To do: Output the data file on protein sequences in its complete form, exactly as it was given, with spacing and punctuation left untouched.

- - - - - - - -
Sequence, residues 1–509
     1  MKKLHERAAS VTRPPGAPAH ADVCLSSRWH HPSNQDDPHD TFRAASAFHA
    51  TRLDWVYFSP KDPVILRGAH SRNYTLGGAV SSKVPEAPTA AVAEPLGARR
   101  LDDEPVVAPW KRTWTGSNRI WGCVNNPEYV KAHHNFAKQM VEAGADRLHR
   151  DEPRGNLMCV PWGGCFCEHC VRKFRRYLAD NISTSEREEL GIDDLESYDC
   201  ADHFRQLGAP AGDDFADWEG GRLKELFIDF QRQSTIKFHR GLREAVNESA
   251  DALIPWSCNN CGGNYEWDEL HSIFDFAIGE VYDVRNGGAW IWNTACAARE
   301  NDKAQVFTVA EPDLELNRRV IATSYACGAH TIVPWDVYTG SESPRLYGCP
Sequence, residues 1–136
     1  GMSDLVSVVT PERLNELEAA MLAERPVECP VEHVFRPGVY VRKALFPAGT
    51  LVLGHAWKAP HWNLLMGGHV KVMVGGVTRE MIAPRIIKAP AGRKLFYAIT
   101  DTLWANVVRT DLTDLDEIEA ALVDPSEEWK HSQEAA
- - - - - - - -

Sequence, residues 1–509
     1  MKKLHERAAS VTRPPGAPAH ADVCLSSRWH HPSNQDDPHD TFRAASAFHA
    51  TRLDWVYFSP KDPVILRGAH SRNYTLGGAV SSKVPEAPTA AVAEPLGARR
   101  LDDEPVVAPW KRTWTGSNRI WGCVNNPEYV KAHHNFAKQM VEAGADRLHR
   151  DEPRGNLMCV PWGGCFCEHC VRKFRRYLAD NISTSEREEL GIDDLESYDC
   201  ADHFRQLGAP AGDDFADWEG GRLKELFIDF QRQSTIKFHR GLREAVNESA
   251  DALIPWSCNN CGGNYEWDEL HSIFDFAIGE VYDVRNGGAW IWNTACAARE
   301  NDKAQVFTVA EPDLELNRRV IATSYACGAH TIVPWDVYTG SESPRLYGCP
Sequence, residues 1–136
     1  GMSDLVSVVT PERLNELEAA MLAERPVECP VEHVFRPGVY VRKALFPAGT
    51  LVLGHAWKAP HWNLLMGGHV KVMVGGVTRE MIAPRIIKAP AGRKLFYAIT
   101  DTLWANVVRT DLTDLDEIEA ALVDPSEEWK HSQEAA